Methodologies and applications for the analysis of intact proteins and protein-ligand interactions by top-down mass spectrometry
- Author(s): Nshanian, Michael
- Advisor(s): Loo, Joseph A
- et al.
The advent of top-down protein mass spectrometry (MS), or direct analysis of intact proteins forgoing proteolysis, has transformed the field of protein mass spectrometry, ushering in a new era of protein identification and characterization together with a new set of challenges. The analysis of intact proteins and their direct fragmentation in tandem (MS/MS) mode helps overcome the “inference” problem associated with peptide-based bottom-up proteomics; that is, correctly assigning given peptide fragments and their modifications to the intact protein from which they originated. Despite its many advantages, however, the top-down approach requires extensive sample fractionation and suffers from low sensitivity but much progress has been made. From recently-developed cross-linked polyacrylamide gels, from which intact proteins can be more easily recovered, to the discovery of reagents that enhance protein charging in electrospray ionization (ESI), there have been considerable gains in detection and sensitivity, offering the potential for a more complete and accurate characterization of a “proteoform”: the full complement of the combinatorial possibilities that could arise from a given gene product.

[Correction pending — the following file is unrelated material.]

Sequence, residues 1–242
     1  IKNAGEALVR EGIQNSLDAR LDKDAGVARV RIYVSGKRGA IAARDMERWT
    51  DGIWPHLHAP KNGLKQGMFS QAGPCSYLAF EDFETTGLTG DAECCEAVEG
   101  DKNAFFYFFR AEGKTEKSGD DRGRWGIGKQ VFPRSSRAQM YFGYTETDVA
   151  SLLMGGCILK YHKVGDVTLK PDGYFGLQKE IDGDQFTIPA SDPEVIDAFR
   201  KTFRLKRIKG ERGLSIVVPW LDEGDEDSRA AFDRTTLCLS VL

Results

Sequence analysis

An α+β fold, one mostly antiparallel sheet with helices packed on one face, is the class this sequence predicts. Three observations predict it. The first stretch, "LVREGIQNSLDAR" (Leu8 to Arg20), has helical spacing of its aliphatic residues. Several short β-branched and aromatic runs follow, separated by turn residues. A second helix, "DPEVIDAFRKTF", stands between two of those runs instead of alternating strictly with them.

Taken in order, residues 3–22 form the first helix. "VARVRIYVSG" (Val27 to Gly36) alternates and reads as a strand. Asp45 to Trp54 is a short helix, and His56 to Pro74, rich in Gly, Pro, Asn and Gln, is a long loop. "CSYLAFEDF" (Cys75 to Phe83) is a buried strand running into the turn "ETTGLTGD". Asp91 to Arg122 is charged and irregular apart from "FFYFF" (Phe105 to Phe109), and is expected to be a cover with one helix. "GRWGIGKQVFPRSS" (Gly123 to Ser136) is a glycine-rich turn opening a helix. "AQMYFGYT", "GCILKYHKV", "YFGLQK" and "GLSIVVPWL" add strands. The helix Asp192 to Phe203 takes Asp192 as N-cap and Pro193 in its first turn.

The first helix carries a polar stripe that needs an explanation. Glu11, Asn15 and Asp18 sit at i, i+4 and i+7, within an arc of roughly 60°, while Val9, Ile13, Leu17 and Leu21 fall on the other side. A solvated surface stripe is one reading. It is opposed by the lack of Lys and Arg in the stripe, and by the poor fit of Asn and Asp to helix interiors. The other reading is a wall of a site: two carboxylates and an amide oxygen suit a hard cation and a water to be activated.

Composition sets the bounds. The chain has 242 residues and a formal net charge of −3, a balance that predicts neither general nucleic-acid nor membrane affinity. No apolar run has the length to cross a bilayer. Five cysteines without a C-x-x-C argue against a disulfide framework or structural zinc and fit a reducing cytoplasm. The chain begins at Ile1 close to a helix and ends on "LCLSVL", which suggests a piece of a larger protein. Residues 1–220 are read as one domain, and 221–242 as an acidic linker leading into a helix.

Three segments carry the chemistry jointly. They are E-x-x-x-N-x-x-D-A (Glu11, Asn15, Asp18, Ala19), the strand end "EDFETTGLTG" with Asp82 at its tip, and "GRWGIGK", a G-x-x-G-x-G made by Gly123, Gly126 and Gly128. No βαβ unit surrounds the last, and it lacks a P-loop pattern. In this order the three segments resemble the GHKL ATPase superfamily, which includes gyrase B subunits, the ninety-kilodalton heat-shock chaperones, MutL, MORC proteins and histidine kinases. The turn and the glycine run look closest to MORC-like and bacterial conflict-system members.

Top-down MS also includes the study of proteins in their native or native-like states. This is especially important in characterizing disease-related proteins, particularly in the context of protein aggregation. Native MS, using electron-capture dissociation (ECD) and ion mobility spectrometry (IMS), enables the study of protein-inhibitor complexes in the gas phase, offering structural insight into stoichiometry, site of inhibitor binding and mechanism of inhibition. In addition, intact analysis and electron-based fragmentation enable the detection of thermally-labile post-translational modifications like phosphorylation, known to play key regulatory roles in shifting proteins towards cytotoxic states. Top-down method developments in protein recovery, separation and supercharging have led to improvements in detection and sensitivity, while top-down MS applications to structural characterization of disease-related proteins have shed more light on the mechanisms of cytotoxic aggregation, offering greater promise of therapeutic development.